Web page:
Millard Fuller, Co-Founder of Habitat for Humanity, Dies
When Fuller's capitalist drive threatened to kill his marriage, Fuller and his wife, who wed in college, decided to sell everything and devote themselves to the Christian values they grew up with.
"I gave away about $1 million," Fuller said in a 2004 interview with The Associated Press. "I wasn't a multimillionaire; I was a poor millionaire."
The couple's search for a mission led them to Koinonia, an interracial agricultural collective outside Americus in south Georgia. It was there with Koinonia founder Clarence Jordan that the Fullers developed the concept of building no-interest housing for the poor — an idea that eventually grew into Habitat for Humanity.
Founded in 1976, Habitat's first headquarters was a tiny gray frame house on Americus' Church Street, which doubled as Fuller's law office. For the first 14 years, Fuller's salary was just $15,000; his wife worked 10 years for free.
Habitat grew from those humble beginnings to a worldwide network that has built more than 300,000 houses, providing shelter to more than 1.5 million people. Preaching the "theology of the hammer," Fuller built an army of volunteers that included former U.S. presidents, other world leaders and Hollywood celebrities.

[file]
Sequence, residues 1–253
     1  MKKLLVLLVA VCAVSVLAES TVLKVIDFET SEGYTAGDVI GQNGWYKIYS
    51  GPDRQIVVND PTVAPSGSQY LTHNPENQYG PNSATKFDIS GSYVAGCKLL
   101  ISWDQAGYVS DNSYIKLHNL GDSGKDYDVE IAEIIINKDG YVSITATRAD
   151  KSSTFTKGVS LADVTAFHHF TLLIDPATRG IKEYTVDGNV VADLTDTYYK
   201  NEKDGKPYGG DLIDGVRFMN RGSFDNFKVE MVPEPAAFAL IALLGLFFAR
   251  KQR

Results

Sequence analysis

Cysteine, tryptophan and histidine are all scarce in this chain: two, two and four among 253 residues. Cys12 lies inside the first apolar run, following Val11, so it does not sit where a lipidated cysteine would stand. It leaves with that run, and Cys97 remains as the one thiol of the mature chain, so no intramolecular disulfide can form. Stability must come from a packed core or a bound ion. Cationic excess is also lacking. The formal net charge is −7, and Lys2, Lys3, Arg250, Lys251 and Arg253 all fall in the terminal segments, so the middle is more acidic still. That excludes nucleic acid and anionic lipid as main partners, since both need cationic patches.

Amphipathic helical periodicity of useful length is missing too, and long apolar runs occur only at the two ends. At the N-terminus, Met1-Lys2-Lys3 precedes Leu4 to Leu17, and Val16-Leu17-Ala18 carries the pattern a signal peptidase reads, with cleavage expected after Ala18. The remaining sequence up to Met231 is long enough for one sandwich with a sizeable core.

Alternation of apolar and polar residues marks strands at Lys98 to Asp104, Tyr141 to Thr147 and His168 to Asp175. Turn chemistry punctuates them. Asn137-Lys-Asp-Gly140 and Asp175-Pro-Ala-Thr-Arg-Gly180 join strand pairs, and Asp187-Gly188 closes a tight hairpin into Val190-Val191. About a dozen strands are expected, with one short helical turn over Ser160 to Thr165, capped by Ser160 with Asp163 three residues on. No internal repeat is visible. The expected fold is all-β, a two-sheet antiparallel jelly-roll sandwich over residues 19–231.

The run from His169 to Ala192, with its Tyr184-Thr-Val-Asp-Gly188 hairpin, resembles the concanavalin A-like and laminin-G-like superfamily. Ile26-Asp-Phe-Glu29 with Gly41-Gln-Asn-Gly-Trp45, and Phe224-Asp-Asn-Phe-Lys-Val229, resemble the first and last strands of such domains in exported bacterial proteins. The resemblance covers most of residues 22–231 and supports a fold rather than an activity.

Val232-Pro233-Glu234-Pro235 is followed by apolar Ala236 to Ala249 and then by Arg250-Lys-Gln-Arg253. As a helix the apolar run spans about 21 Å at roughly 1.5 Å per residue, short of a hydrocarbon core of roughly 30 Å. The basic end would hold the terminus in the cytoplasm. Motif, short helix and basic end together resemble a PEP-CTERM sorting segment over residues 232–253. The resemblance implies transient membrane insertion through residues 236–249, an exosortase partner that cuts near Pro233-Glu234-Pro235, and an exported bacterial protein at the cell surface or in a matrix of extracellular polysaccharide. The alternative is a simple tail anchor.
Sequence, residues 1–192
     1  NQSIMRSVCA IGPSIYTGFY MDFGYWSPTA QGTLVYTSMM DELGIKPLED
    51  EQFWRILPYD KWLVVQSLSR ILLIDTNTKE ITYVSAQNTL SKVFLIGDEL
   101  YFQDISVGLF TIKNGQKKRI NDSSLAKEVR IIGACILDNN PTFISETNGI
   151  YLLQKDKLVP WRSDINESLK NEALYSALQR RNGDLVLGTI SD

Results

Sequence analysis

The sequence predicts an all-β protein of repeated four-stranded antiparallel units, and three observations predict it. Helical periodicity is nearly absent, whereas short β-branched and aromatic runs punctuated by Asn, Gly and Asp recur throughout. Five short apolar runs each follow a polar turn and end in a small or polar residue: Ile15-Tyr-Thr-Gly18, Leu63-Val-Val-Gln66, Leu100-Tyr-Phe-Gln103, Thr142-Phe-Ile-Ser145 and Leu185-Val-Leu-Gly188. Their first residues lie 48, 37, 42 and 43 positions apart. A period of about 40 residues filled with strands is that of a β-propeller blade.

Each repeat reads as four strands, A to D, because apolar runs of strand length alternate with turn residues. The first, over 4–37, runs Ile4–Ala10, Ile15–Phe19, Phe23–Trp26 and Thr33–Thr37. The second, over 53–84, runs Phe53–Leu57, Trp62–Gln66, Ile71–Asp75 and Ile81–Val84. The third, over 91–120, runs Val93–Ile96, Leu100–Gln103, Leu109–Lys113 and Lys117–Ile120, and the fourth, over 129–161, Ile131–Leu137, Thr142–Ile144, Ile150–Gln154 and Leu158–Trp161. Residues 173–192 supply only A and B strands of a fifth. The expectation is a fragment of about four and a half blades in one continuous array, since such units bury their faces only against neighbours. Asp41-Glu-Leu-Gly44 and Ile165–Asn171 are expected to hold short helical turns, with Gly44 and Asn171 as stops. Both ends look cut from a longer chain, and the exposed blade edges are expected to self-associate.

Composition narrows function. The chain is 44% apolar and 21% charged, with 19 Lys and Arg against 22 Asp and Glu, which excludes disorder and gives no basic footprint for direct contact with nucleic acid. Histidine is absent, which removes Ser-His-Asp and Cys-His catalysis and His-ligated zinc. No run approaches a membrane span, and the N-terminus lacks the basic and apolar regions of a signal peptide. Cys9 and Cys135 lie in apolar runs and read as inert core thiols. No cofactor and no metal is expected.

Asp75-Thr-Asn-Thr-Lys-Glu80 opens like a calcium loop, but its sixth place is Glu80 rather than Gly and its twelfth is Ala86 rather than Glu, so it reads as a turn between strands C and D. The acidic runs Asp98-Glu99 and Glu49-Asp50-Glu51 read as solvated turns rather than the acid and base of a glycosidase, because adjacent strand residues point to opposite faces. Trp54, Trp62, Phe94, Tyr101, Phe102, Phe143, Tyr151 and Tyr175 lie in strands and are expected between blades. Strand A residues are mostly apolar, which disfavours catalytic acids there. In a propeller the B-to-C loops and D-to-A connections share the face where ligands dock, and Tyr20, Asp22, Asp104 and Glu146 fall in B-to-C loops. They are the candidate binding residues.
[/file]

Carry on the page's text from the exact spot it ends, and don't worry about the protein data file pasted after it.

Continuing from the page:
"The Bible says, 'The Earth is the Lord's and the fullness thereof,'" he told the AP in 2004. "That covers just about everything. God's money is just in the pockets of people, and we've got to extract it."
People receiving homes from the charity are required to work on their own houses, investing what the Fullers called "sweat equity" in their own futures.
Fuller's works won him numerous accolades, including a 1996 Presidential Medal of Freedom, the nation's highest civilian honor. For nearly three decades, he was the public face of Habitat, traveling the world to hammer nails and press bricks from local clay alongside some of the Earth's poorest.